When a teacher asks her children to put their thinking caps on in the middle of the next decade, it could mean far more than merely encouraging them to be creative.
This, around the 2025 mark, is when a former Facebook executive believes telepathy, communicating via thoughts transmitted through a simple woolly hat, could become a reality.
Mary Lou Jepsen, who was formerly an engineering executive at Facebook's Oculus virtual reality division, and worked at Google and Intel before that, wants to make telepathy a reality through her startup company, Openwater.
Although she doesn't have a working prototype yet, Jepsen believes a lightweight ski hat could house a scaled-down MRI machine, normally used in hospitals and the size of an entire room. The hardware would track the flow of oxygen through the wearer's body, illuminating it with benign, infrared light and acting like a literal "thinking cap".
While telepathy is the ultimate goal, Jepsen's plans for now are focused on using the hat to read a person's thoughts. "If I threw you into an MRI machine right now... I can tell you what words you're about to say, what images are in your head. I can tell you what music you're thinking of," she told CNBC. "That's today, and I'm talking about just shrinking it down."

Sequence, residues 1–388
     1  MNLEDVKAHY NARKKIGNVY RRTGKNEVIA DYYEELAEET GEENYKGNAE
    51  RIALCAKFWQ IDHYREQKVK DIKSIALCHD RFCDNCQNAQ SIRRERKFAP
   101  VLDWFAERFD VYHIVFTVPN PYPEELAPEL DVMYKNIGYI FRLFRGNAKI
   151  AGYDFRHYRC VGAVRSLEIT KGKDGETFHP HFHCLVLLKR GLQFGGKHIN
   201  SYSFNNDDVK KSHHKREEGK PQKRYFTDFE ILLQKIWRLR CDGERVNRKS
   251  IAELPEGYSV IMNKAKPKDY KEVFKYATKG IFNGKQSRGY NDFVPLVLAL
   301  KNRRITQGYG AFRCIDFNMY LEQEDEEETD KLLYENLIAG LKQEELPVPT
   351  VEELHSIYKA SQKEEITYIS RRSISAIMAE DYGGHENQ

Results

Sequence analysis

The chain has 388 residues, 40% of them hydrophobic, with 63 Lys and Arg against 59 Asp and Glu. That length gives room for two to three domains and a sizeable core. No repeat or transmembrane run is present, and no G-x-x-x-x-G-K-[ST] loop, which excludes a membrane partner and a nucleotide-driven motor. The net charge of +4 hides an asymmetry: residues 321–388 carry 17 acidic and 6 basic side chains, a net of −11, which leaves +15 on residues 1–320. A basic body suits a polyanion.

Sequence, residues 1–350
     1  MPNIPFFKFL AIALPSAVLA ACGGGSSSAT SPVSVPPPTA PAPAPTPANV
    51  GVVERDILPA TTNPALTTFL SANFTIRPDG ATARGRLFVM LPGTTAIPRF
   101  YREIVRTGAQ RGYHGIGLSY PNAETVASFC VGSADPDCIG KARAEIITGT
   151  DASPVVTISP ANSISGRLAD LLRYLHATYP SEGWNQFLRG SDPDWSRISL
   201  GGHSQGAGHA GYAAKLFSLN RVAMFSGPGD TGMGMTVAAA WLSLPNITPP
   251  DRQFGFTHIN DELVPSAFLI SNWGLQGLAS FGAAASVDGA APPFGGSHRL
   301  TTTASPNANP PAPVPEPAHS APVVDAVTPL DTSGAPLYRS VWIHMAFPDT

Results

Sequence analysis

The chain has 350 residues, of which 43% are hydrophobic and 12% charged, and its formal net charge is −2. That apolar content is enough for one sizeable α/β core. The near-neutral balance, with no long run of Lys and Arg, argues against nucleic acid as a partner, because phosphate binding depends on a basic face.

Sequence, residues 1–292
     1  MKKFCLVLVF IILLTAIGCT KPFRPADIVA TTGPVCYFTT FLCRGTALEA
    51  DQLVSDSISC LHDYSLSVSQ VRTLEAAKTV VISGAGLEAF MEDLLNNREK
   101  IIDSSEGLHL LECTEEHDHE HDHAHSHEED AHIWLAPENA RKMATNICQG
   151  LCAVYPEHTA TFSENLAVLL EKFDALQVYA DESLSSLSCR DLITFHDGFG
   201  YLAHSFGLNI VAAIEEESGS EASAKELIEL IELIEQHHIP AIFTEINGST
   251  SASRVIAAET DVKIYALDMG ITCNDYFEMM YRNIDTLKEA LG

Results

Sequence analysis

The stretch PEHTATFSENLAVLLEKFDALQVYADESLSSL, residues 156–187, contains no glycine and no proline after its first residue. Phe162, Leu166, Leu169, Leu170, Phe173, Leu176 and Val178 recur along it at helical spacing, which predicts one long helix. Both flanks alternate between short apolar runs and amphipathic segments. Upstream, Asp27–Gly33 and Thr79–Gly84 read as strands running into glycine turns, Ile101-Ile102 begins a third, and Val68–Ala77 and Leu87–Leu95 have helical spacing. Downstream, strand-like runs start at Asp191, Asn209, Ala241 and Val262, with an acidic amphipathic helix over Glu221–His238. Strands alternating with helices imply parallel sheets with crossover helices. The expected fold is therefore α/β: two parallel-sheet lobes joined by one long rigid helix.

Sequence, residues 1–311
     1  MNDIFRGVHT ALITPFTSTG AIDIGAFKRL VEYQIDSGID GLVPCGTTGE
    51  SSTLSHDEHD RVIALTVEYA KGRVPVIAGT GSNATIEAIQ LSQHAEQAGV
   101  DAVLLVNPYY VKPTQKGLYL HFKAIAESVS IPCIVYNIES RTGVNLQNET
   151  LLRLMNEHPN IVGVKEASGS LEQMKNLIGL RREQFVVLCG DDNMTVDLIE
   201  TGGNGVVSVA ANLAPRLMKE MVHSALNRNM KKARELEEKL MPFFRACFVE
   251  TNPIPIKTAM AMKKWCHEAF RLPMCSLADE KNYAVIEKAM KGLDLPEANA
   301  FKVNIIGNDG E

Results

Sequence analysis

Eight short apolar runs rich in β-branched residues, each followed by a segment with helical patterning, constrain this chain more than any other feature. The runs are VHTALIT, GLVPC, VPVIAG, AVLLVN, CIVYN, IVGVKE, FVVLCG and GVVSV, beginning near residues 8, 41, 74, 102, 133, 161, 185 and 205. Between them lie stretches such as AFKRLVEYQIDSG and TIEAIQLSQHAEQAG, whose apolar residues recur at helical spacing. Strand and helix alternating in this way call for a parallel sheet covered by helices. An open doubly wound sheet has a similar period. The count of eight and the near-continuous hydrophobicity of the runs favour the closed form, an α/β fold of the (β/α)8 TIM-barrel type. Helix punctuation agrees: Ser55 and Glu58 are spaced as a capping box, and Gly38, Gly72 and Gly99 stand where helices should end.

But the company's future is about sharing thoughts without speaking or typing. "The really big moonshot idea here is communication with thought," Jepsen says. "Right now our output is basically moving our jaws and our tongues or typing [with] our fingers. We're... limited to this very low output rate from our brains, and what if we could up that through telepathy?"
As for a time span, Jepsen says: "I don't think this is going to take decades. I think we're talking about less than a decade, maybe eight years until telepathy."
This approach is similar to that of Elon Musk, the billionaire boss of electric car company Tesla and rocket manufacturer SpaceX.
Through his new company Neuralink, launched in 2016, Musk wants to dramatically speed up humanity's output speed; input (through the eyes and ears) is very fast, but output (through fingers and mouths) is far slower, Musk also reasons.
But where Musk plans to create real-life cyborgs by asking participants to take injections of nanoparticles pulsing through their bloodstream, Jepsen is taking a non-invasive approach.
Ethics will play a big part in our telepathic future - if indeed the technology ever becomes a reality in the way Jepsen and Musk hope it will. Jepsen says: "We have to answer these questions, so we're trying to make the hat only work if the individual wants it to work, and then filtering out parts that the person wearing it doesn't feel it's appropriate to share."
In Jepsen's absence, Facebook is hiring neuroscientists to help build brain-computer interfaces of its own, following founder Mark Zuckeberg's desire to develop means for telepathy.